Today In Western History: Kit Carson Goes Under

May 23, 1868

Christopher Carson, legendary mountain man, trapper, explorer and soldier
Christopher Carson, legendary mountain man, trapper, explorer and soldier

Kit Carson dies of old age, at 58, in Fort Lyon, Colorado.

Christopher Houston “Kit” Carson was an American legend.  He lived in a time of change, when the West was opening up to exploration and development.  For most of his life he lived off the land, holding few actual paying jobs.  During his lifetime he had been a trapper, a mountain man, a wild-erness guide, Indian agent, and even an American Army officer.  As with many of the famous names of that period, their reputations were greatly enhanced by repeated embellishments of their exploits, sometimes by themselves or just normal story-telling by others to build up their own reputations, and sometimes by their biographers or people just looking to make a dollar by selling complete fiction.  Ned Buntline did this for Buffalo Bill Cody, Wild Bill Hickok and Wyatt Earp.

William F. "Buffalo Bill" Cody, Frontiersman, creator of the Rodeo
William F. “Buffalo Bill” Cody, Frontiersman, creator of the Rodeo

Christopher left home at the age of 16 to become a mountain man and trapper in the vast and un-explored Western territories.  In the 1830s, he accompanied Ewing Young on an expedition to what was then Mexican California and later joined fur trapping expeditions into the Rocky Mountains.  To improve his chances of survival and acceptance by the carious tribes, Carson lived among and even married into the  Arapaho and Cheyenne tribes.  In the 1840s, based on his growing reputation as the one who knew the mountains, he was hired as a guide by John C. Fremont, the man who would become known as the Pathfinder.  Carson achieved national fame through Fremont’s accounts of his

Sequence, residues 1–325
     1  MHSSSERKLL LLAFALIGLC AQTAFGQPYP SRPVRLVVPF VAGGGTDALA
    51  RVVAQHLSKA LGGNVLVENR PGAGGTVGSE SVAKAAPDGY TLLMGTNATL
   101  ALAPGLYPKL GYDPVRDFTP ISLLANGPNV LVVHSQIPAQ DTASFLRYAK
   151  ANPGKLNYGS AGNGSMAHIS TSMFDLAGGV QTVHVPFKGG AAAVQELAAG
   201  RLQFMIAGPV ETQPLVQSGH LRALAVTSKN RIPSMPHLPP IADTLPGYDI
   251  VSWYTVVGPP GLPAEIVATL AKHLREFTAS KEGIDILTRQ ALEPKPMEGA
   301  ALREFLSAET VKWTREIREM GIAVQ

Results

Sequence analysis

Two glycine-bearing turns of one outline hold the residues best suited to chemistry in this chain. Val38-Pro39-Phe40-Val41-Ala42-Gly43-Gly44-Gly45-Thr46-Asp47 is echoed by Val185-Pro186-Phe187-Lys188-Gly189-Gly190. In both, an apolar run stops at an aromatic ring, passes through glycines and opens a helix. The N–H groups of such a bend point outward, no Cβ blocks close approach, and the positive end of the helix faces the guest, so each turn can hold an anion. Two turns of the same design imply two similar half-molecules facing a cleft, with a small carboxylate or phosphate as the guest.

John C. Fremont, The Great Pathfinder"
John C. Fremont, The Great Pathfinder”

expeditions.While serving with Fremont, Carson took an active part in the uprising in California at the beginning of what became known at the Mexican-American War. Later in the war, Carson served as a courier and a scout, and became celebrated for his rescue mission after the Battle of San Pasqual and for his coast-to-coast journey from California to Washington, DC., to deliver news of the conflict in California to the U.S. government.  In the 1850s, he was appointed as the Indian agent to the Ute Indians and the Jicarilla Apaches.

During the American Civil War, Carson led a regiment of mostly New Mexico volunteers of Hispanic heritage supporting the Union at the  Battle of Valverde in 1862. When the Confederate threat to New Mexico was eliminated, Carson turned on the native Americans he had lived with and led forces to suppress the Navajo, Mescalero Apache, Kiowa and Comanche Indians.  For this service, Carson was breveted (a type of military commission conferred especially for outstanding service by which an officer was promoted to a higher rank without the correspond- ing pay) a Brigadier General, and given command of Fort Garland, Colorado, but after only a short time his declining health forced him to retire from military life.  Carson was married three times and had ten children.  Carson died at Fort Lyon, Colorado, of an aortic aneurysm on May 23, 1868. He is buried in Taos, New Mexico, next to his third wife Josefa Jaramillo.




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